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Ray

Electric Advice Please

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Not my strong point but I'm learning!

There is a 12v table lamp on my new boat that doesn't work (it is the type with a bar switch that you press as part of the bulb holder)

The bulb looks OK, the cable disappears into the bowels of the boat. If necessary I'll pull up flooring etc to find where it goes and/or try a new bulb anyway.

However as I have one of those screwdrivers with a light in the handle to detect current it seems I should try that first. So do I just remove the bulb and touch the screwdriver to terminals in turn with the switch in both positions? Or what?

Thanks for any advice that stops me doing something silly :)

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12 minutes ago, Ray said:

Not my strong point but I'm learning!

There is a 12v table lamp on my new boat that doesn't work (it is the type with a bar switch that you press as part of the bulb holder)

The bulb looks OK, the cable disappears into the bowels of the boat. If necessary I'll pull up flooring etc to find where it goes and/or try a new bulb anyway.

However as I have one of those screwdrivers with a light in the handle to detect current it seems I should try that first. So do I just remove the bulb and touch the screwdriver to terminals in turn with the switch in both positions? Or what?

Thanks for any advice that stops me doing something silly :)

Please put the screwdriver back in the toolbox.

One of these will find any signs of current in a cable, very useful this time of year for finding where the fault is in Christmas tree lights.

There are cheaper and more expensive versions around however Fluke is a recognised brand in electrical testing equipment.

https://www.google.co.uk/aclk?sa=L&ai=DChcSEwjN07fRnpvfAhXLCtMKHd3oDXQYABAHGgJ3Yg&sig=AOD64_3fZ8MxN4jnAn8sDdsBX7qmDq-1LA&ctype=5&q=&ved=0ahUKEwjzobDRnpvfAhUNNOwKHS1MBk8Q9aACCDc&adurl=

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2 minutes ago, Ray said:

Perfect, thank you :default_beerchug:

No worries.

There is a saying which I can`t completely recall, The Amps xxxx, the watts xxxx and the volts make you jolt! :default_icon_e_biggrin:

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The Volts make you Jolt

But the mills that Kills

As little as 30Mah across your heart can be enough to kill you

Those little clear screwdrivers with a resistor and a Neon bulb should be outlawed. Don't put it back in the box throw it in the bin and buy a multimeter and watch You tube as to how to use one.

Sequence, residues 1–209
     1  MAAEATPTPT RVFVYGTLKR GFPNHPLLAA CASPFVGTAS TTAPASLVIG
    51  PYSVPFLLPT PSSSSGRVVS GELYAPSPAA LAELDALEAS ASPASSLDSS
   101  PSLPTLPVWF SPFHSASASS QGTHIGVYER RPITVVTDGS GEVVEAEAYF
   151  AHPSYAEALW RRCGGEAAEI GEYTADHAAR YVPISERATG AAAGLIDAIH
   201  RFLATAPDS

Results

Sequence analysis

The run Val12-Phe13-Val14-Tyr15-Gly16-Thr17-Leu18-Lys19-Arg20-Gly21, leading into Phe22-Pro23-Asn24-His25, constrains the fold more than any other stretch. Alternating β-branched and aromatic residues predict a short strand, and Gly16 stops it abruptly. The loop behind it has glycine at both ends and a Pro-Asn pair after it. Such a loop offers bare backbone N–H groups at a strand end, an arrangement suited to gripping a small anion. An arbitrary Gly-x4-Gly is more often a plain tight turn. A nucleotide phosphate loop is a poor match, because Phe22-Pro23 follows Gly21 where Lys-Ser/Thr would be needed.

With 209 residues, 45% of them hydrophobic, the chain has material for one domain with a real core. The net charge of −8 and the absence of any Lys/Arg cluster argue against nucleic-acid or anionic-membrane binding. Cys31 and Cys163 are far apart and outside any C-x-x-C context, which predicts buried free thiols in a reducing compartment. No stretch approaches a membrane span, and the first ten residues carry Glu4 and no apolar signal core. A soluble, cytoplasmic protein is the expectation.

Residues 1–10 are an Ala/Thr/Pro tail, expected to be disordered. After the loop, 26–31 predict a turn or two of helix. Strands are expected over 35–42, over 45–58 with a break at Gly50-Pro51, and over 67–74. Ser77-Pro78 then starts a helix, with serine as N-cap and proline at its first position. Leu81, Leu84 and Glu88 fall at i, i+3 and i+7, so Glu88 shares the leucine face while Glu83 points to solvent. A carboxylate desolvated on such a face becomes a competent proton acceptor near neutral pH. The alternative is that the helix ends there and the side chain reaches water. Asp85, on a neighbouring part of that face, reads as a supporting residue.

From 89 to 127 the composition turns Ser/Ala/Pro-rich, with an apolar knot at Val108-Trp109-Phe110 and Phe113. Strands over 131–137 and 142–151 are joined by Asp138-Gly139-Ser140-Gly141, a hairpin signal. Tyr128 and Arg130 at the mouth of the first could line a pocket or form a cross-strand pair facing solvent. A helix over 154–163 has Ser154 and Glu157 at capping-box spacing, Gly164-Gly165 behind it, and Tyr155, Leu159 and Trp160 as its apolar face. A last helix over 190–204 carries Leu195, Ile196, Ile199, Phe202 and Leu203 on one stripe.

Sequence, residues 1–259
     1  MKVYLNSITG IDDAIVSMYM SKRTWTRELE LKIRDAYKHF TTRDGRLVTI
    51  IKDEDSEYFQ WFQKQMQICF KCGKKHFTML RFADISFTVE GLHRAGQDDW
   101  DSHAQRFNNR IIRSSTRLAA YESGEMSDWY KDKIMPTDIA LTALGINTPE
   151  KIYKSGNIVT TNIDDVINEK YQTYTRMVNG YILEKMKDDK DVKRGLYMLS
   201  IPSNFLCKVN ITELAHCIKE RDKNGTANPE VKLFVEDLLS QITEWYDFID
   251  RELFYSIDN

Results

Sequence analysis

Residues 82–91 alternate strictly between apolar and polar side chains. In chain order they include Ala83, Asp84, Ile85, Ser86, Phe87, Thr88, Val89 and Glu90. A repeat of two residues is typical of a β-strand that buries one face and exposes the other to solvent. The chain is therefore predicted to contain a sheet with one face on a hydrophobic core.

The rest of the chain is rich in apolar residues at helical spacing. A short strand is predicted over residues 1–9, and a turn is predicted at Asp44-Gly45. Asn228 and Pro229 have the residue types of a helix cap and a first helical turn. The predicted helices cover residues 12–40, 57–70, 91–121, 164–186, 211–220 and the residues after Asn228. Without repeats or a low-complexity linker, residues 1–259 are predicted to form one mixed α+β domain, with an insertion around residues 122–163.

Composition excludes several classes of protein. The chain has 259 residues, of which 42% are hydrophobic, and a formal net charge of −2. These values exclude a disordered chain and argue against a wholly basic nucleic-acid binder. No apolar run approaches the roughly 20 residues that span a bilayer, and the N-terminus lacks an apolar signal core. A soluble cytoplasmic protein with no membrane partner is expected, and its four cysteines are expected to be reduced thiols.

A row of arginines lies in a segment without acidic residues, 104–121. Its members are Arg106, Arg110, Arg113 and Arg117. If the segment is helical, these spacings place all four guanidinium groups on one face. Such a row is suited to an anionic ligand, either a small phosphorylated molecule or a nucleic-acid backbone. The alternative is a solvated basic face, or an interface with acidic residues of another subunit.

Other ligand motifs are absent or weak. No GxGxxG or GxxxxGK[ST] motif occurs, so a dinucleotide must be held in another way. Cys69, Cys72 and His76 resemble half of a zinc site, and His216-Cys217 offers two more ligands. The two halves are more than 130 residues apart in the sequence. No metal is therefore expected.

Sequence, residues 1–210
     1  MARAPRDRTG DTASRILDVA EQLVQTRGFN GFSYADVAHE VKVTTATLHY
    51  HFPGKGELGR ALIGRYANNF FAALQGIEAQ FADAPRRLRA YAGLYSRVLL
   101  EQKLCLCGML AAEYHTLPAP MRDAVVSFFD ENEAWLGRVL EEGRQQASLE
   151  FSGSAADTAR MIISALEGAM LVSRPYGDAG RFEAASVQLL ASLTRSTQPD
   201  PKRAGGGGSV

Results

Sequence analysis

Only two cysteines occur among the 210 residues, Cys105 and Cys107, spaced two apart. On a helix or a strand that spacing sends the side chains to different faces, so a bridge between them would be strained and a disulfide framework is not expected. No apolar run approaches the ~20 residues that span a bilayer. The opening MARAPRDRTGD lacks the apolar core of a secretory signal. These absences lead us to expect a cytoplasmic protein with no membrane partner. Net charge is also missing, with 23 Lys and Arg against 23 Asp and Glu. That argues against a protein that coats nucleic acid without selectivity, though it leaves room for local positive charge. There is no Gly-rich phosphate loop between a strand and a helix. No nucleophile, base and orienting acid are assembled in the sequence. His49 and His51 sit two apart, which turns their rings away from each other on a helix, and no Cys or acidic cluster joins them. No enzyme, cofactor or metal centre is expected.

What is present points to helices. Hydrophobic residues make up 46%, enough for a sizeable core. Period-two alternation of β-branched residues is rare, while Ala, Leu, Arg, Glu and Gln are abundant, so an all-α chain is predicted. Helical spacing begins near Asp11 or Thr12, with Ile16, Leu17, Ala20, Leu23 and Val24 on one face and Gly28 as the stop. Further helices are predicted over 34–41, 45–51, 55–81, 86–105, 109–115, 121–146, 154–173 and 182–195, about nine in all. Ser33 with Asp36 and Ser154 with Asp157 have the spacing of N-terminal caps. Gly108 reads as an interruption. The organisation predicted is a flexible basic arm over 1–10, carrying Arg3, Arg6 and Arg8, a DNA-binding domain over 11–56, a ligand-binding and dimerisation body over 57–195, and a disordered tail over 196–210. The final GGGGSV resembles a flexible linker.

One of the best ways to learn about Electronics is to watch Bigclivedotcom on YT

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Think the advise from others helpful,sorry I can't help,I always get a man in.Dont know one end of a screwdriver from another.If it's cooking or food I'm your man.

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I still suffer from my childhood affliction of "taking things apart to see how they work" :12_slight_smile:

I must admit I do get a kick out of fixing something myself, but I'm very careful with my expensive toys!

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Those screwdrivers work for 240v but not for 12v, throw it in the bin anyway.

Are you sure it's not a 240v shore power light? Patchy knowledge is scary with electrics.

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I did buy a secondhand caravan where the lighting didn't work, I traced the cabling back and found the 12V lighting had been connected to the 240 input....Not surprisingly none of the lighting ever worked again

Until the caravan was rewired and the lighting replaced... They were lucky not to burn the thing down..

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9 hours ago, FairTmiddlin said:

The Volts make you Jolt

But the mills that Kills

As little as 30Mah across your heart can be enough to kill you

Those little clear screwdrivers with a resistor and a Neon bulb should be outlawed. Don't put it back in the box throw it in the bin and buy a multimeter and watch You tube as to how to use one.

One of the best ways to learn about Electronics is to watch Bigclivedotcom on YT

Hi Nigel,

Some sound advice, 30 ma could kill someone with a weak heart but the industry standard on earth leakage or residual circuit breakers is set at 30 ma as a prevention from death by an electric shock.

Ideally Ray needs to sort out his electrics be they 240 ac or 12 volts dc, table lamps need to terminated into suitable plugs and sockets rather than cables going under the floor. For a 12 volt table lamp you need to use a cigar lighter plug and socket or a none standard plug & socket.

The testers and neon's suggested are not suitable for dc voltages, as already suggested a good multi meter  that can read ac & dc voltages is the best option.

Regards

Alan

 

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it might also be worth just checking a fuse hasnt blown before digging everything out.

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Great advice as ever, thank you guys. I will test, investigate and possibly end up removing it. But only once I've found where and how it connects into the system.

I'll check for a blown fuse too! It's often the simple things I overlook!